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TAÍNO HISTORY // HISTORIA DEL PUEBLO TAÍNO

TAÍNO HOMELANDS
TERRITORIOS DE EL PUEBLO TAÍNO

The Taíno are Indigenous Peoples of the Caribbean. At the time of European contact in the late fifteenth century, our ancestors lived across most of Kuba, Dominican Republic, Haiti, Jamaica, Borikén (Puerto Rico),  Bahamas, the northern Lesser Antilles, and the southern tip of Florida in what is known as the U.S. today.

Los taínos son pueblos indígenas del Caribe. En el momento del contacto europeo a fines del siglo XV, nuestros antepasados ​​vivían en la mayor parte de Kuba, República Dominicana, Haití, Jamaica, Borikén (Puerto Rico), Bahamas, el norte de las Antillas Menores y el extremo sur de Florida en lo que se conoce. como los Estados Unidos hoy.

FIRST ENCOUNTERS
PRIMEROS ENCUENTROS

The Taíno were the first Indigenous Peoples of the Western Hemisphere to encounter  Cristobal Colon (Christopher Columbus) during his first voyage in 1492. The Taíno are also the first Indigenous Peoples of the Americas to be called Indians.

Los taínos fueron los primeros pueblos indígenas del hemisferio occidental en encontrarse con Cristóbal Colón durante su primer viaje en 1492. Los taínos son también los primeros pueblos indígenas de las Américas en ser llamados indios.

TAÍNO LANGUAGE 
EL LENGUAJE DEL PUEBLO TAÍNO

The language and dialects of the Taíno are largely a part of the Arawakan language group, but also include other linguistic influences from all around the region.

El idioma y los dialectos de los taínos están relacionados en gran medida con el grupo lingüístico arahuaco, pero también incluyen otras influencias lingüísticas de toda la región.

 

HISTORIC RECOGNITION // RECONOCIMIENTO HISTÓRICO

Received June 1, 1999

March 18, 1999

 
 

...no census can vie with the trained observer, and therefore attention must be called to the following statements of Captain W.S. Shuyler in a report onAugust 30, 1899: while work was being done on the roads, I had the occasion to watch crowds of 700 or 800 men gathered around the pay tables at Las Marias, La Vega, and Anasco. The frequency of the Indian type was very noticeable. While its almost certain that there is today no single Indian of pure stock in PR it is equally sure that the type can be seen every where in the mountain settlements. At San German I noticed a woman whose color, hair, and features were true Indian as seen in the Southwest of the US.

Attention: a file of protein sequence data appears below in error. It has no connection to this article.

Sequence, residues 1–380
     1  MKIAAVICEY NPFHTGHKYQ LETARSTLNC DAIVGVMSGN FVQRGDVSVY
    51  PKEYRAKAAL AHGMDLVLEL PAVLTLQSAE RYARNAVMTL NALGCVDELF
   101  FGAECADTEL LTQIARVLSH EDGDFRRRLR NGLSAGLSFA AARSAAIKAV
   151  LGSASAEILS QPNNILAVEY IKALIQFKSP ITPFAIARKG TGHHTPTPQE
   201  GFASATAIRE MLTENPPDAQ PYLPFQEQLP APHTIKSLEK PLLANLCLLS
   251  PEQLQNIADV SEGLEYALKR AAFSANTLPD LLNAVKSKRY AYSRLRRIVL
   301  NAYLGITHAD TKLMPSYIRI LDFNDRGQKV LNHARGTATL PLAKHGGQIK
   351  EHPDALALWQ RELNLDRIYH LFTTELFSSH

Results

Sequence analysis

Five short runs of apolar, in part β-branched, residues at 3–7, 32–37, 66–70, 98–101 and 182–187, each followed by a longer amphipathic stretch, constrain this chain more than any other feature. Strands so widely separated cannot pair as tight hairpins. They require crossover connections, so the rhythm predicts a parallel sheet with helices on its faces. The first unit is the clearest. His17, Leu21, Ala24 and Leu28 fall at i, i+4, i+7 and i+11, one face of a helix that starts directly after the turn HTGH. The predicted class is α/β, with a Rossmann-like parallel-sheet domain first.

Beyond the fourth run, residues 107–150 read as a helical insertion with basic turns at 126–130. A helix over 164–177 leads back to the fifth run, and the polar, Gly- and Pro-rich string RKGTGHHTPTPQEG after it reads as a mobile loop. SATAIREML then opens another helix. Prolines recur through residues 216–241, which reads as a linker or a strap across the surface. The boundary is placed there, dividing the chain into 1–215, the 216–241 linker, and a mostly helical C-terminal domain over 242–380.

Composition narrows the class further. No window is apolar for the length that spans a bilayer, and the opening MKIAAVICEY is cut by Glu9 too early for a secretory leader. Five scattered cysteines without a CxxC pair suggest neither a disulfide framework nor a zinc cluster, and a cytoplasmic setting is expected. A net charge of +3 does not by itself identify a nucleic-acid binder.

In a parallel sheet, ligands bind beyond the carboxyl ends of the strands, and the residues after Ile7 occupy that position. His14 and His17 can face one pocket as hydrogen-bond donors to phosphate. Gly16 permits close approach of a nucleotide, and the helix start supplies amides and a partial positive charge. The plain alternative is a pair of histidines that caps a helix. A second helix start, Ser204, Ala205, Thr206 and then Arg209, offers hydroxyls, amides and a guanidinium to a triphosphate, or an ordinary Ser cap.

Report of General George W. Davis, War Department Census Of Puerto Rico 1899, LT. COL J.P. Sanger, Inspector-General, Director. Government Printing office 1900

TAÍNO ART / ARTE TAÍNO

Before the arrival of Europeans, art in Taíno culture represented various aspects of daily life including spiritual world-view. Taíno artists worked with clay, wood, stone, shell, cotton, gourds, palm, feathers, and even bone. Today, contemporary Taíno artists work hard to maintain many of these artistic traditions. 

Antes de la llegada de los europeos, el arte en la cultura taína representaba varios aspectos de la vida diaria, incluida a su cosmovisión espiritual. Los artistas taínos trabajaron con arcilla, madera, piedra, concha, algodón, calabazas, palma, plumas e incluso hueso. Hoy, los artistas taínos contemporáneos trabajan arduamente para mantener muchas de estas tradiciones artísticas.

 
Conch shell ornament. Puerto Rico. Taíno
Taíno water vessel
Heart shaped vessel. Dominican Republic
Taino ceremonial stone belt
Amulet. Puerto Rico. Taíno
Amulet figures in a squatting position
Taino ceremonial stone belt
Indigenous Taino ceremonial stone belt
Taino Pictograph in Dominican Republic
Taino duho, ceremonial stool
Cohoba Stand, A.D. 974–1020, Taino
Cemí taíno (Chican Ostionoide)
Taino ceramic effigy
Taíno shell carving
Petroglyphs on Congo Cay. (Taken from Sleight 1962)
Taíno petroglyphs, Reef Bay. Photo: Rudy Patton
 

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